The Australian Government has banned the national cricket team from playing against Zimbabwe. Australian PM John Howard threatened to seize the players’ passports if they didn’t fall in line, claiming that their presence in Zimbabwe would be a “propaganda boost” to the “grubby dictator” Robert Mugabe.
It’s been a popular decision; MPs from across the political spectrum tabled an early day motion in Parliament welcoming the move. Whatever people think of Howard, he’s shown a lot more gumption than Jack Straw a few years ago, who shied away from a difficult decision. Straw, then Foreign Secretary, passed the buck to the England and Wales Cricket Board, saying that it was a matter for the sporting authorities, and not for the Government. That effectively forced England to play, because without the force majeure of a Government intervention, they would have had to pay a substantial fine to the International Cricket Council.
When politicians like Straw argue that sport and politics don’t mix, they’re merely running away from a difficult decision – a decision which they ought to tackle directly. For as long as national sporting teams have competed against each other, Governments have used them as a proxy, fighting for political prowess and recognition. More often than not, it’s the least pleasant and least democratic regimes, the ones with something to prove, who feel the need to inflate the national ego with a major sporting event. Sport and politics have always gone hand in hand.
Just as a case study, take the People’s Republic of China. The Chinese Government bankrolled the construction of a massive, state-of-the-art racing circuit in Shanghai, where they’ve been hosting a Formula 1 Grand Prix since 2004. The project cost 240 million US dollars; the track is shaped like the Chinese character “Shang”, and has a racing paddock the size of a reasonably large village. It also has two gigantic, impossibly-balanced, glass-and-metal viewing platforms suspended over the start finish line. I have no idea how many people had to slog away to build the thing, but whoever they were, I’m pretty certain they weren’t earning a fair minimum wage, weren’t protected by workplace safety standards, and weren’t entitled to join a union or to strike. They also certainly didn’t have the chance to vote, in a general election, on whether or not a Formula 1 track was the best possible use for $240 million – or on any other political issue facing China.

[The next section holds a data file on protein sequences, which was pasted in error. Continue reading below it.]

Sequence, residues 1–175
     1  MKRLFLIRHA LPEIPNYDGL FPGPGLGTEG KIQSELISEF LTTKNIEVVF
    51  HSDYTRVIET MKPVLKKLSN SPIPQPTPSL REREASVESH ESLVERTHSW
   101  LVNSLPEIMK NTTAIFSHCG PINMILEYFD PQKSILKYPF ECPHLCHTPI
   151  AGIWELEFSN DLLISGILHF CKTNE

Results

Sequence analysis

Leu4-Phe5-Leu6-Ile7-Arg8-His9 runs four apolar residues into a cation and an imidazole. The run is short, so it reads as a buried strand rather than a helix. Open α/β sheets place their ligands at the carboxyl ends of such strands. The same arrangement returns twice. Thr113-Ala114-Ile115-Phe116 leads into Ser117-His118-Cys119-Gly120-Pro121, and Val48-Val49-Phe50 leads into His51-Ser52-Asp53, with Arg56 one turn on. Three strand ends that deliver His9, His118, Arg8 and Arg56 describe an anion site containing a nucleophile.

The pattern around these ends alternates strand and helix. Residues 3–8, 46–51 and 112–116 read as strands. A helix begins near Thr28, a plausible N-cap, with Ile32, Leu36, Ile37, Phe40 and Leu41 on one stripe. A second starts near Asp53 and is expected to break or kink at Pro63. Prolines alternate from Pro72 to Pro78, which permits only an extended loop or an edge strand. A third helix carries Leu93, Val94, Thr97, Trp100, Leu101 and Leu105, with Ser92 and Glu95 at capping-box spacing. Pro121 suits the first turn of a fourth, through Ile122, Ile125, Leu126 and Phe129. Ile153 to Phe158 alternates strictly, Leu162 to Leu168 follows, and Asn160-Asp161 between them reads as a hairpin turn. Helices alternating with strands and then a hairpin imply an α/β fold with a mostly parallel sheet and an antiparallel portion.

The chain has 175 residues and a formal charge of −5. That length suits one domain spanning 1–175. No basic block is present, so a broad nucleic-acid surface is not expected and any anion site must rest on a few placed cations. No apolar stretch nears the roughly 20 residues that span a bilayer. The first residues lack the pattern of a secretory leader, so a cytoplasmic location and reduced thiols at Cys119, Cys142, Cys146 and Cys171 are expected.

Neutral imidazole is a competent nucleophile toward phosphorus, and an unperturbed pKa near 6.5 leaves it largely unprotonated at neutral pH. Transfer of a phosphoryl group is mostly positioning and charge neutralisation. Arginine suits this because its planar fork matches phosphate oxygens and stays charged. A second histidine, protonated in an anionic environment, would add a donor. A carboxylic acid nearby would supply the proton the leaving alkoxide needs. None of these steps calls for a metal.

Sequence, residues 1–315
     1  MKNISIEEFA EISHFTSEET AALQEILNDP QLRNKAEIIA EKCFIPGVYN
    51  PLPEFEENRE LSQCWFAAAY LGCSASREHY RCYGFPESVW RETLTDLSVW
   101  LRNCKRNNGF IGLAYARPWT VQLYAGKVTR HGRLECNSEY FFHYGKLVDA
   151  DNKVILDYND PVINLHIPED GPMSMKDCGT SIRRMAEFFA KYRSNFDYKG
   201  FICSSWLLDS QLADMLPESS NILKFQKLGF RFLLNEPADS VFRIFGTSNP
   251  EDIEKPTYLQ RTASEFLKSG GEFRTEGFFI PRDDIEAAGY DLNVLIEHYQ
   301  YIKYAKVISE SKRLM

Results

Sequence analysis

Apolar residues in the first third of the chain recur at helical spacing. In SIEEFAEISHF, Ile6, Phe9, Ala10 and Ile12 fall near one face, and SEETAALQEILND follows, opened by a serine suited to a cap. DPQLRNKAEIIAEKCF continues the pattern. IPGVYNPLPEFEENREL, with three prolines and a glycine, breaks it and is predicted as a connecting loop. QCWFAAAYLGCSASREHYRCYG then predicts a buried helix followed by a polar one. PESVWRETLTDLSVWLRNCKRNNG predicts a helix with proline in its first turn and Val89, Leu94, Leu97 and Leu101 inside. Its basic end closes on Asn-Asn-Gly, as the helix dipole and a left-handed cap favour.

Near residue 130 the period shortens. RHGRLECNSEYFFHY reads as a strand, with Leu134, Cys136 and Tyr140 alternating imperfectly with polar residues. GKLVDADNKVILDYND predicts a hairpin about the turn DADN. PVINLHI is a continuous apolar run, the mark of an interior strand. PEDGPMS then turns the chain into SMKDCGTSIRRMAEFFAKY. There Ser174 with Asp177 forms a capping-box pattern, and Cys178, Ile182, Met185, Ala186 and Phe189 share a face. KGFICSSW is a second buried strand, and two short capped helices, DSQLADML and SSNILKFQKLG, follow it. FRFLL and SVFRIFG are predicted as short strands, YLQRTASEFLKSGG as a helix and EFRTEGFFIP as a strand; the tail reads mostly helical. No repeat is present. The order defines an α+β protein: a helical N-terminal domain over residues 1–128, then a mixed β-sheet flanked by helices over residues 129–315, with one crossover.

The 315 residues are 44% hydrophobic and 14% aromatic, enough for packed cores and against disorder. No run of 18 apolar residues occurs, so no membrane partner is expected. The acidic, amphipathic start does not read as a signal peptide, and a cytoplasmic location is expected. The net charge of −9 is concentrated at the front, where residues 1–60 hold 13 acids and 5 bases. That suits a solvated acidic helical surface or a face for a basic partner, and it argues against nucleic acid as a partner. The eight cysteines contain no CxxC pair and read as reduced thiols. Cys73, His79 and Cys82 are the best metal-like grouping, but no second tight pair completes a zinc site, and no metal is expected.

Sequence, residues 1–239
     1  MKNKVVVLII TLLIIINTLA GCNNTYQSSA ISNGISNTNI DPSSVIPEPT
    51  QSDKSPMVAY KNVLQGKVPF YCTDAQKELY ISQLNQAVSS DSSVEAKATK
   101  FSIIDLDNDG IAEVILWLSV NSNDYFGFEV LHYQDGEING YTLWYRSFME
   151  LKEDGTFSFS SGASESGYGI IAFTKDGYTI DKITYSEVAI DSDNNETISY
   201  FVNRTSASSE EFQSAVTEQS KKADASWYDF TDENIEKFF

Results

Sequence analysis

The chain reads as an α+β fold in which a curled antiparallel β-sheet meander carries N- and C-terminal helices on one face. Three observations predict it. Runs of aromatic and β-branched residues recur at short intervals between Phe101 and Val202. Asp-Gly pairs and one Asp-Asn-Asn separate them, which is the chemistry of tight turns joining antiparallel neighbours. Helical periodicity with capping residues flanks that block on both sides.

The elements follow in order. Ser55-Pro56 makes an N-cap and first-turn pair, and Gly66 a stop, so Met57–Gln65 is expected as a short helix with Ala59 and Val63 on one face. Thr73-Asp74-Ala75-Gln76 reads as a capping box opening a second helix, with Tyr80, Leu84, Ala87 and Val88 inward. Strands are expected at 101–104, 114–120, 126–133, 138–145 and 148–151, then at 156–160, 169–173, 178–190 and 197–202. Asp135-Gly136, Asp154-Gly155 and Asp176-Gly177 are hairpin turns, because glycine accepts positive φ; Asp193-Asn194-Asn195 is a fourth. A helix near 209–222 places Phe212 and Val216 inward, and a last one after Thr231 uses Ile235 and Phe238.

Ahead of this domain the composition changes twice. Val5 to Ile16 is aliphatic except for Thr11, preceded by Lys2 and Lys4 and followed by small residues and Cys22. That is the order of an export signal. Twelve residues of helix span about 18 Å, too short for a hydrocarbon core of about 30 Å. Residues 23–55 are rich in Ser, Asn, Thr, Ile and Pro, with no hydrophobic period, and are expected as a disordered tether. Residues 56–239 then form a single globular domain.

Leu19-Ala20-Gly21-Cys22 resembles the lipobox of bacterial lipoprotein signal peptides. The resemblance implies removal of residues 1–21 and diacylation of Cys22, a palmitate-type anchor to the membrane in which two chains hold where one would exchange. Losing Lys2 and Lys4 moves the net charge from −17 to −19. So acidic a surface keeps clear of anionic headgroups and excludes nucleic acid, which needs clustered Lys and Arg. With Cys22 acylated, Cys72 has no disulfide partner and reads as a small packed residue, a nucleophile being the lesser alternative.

I should point out that the 2007 Freedom in the World survey awarded identical (and identically atrocious) scores to both China and Zimbabwe – so perhaps if British super-kid Lewis Hamilton is still leading the World Championship at the end of the season, as F1 heads to China, the new Foreign Secretary should have his car impounded. It would devastate the fans, and almost certainly cause a diplomatic crisis – but is it any less morally justified than Howard standing up to Mugabe?
The truth is that sport will always be political. If the Governments of democratic nations stand back, and refuse to sully the purity of sporting competition with external affairs, they’ll simply allow undemocratic regimes the freedom to promote themselves without challenge. Instead, we should play Mugabe and friends at their own game, and use the sporting arena to isolate countries that fail to respect the human rights of their citizens.
We may not be able to stop sport from being infiltrated by politics, but at least we can make sure that it’s the right kind of politics.